In the corona crisis, many consumers use contactless transaction options. This reduces the contact between buyer and seller and a possible risk of infection with Covid-19. Even small shops, bakeries or butchers now offer card payments. A rarity before the crisis.
Banks also advertise contactless payments with cards or smartphones. However, they are not only concerned about the health of their customers – they are also thinking about their own money. This is shown by an evaluation of the consumer portal “biallo.de”. Accordingly, banks and savings banks have increased fees in recent months and are charging up to 70 cents for a contactless payment process with a checking or credit card.
Free and cheap account models subject to fees
“Biallo.de” examined a total of 440 Volks- und Raiffeisenbanken, as well as 380 Sparkassen and found out that every second institute collects fees for the cashless payment. The Niederrheinische Sparkasse Rhein-Lippe charges the maximum price of 70 cents per transaction for the “Giro Nispa Klassik” account model. “Biallo.de” has calculated that with an average of two card payments per day by the end of the year, customers will be charged an additional 504 euros.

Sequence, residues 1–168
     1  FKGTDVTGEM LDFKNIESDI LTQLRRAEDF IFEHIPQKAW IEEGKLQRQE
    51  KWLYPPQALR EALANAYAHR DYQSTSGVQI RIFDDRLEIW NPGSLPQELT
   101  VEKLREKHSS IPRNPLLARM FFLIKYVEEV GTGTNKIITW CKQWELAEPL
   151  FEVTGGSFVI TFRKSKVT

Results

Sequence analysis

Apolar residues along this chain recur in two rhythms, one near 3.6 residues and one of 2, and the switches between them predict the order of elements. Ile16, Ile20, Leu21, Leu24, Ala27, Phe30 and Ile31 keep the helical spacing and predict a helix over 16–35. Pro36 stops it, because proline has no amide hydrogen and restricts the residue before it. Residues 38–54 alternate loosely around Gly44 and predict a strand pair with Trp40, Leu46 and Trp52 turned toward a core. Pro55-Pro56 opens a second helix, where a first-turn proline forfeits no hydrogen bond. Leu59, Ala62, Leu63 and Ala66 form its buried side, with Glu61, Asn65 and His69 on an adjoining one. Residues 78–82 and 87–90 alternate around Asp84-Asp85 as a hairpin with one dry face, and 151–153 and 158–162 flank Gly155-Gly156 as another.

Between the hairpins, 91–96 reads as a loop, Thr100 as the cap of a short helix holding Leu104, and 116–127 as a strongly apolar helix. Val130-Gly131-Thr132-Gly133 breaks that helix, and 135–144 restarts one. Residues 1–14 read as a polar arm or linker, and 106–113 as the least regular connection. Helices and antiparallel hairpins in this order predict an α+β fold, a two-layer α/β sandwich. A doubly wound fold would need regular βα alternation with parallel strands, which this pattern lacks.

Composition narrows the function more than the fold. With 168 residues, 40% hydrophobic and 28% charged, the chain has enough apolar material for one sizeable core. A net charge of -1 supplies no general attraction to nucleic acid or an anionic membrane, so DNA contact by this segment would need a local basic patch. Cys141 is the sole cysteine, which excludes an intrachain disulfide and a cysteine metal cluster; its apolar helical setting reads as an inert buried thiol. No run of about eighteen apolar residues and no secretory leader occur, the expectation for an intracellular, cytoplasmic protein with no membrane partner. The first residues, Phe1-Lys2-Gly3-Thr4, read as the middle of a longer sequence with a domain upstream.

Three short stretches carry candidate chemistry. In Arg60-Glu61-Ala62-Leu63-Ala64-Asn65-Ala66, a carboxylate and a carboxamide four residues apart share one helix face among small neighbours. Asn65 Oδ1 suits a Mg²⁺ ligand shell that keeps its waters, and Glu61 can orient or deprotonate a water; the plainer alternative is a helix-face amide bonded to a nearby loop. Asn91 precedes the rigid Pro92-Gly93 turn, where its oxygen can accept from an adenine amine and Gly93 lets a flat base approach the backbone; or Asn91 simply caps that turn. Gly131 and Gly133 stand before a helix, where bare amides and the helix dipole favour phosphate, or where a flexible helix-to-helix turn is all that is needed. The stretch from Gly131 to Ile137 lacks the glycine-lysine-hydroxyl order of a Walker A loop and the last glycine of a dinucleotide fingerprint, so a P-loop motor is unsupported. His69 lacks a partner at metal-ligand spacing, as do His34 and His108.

With Haspa, Germany’s largest savings bank is also charging a fee for customers who use the “Classic” account model – 50 cents per card transaction.
But not all customers are equally affected by the fees. What is striking during the investigation: You meet the majority of customers who have closed an inexpensive “classic account”, online accounts or basic account. With expensive premium accounts that cost at least ten euros per month, no fees for card payments would be charged.
Fees are often not shown
Of the total of 820 financial institutions examined, 401 banks and savings banks charge fees for card transactions. On average, they amount to 34 cents per transaction, but fluctuate between 2 and 70 cents depending on the institution.
The consumer portal is particularly critical that the fees are often not shown at all. Customers would only be informed about this by asking directly. Consumers should be on the lookout for the note “paperless bookings” in the price-performance list of a bank or savings bank.
“Instead of specifically and honestly naming the fees for card payments, they are usually hidden in the price list under booking items,” quotes “biallo.de” Niels Nauhauser, banking expert at the Baden-Württemberg consumer center.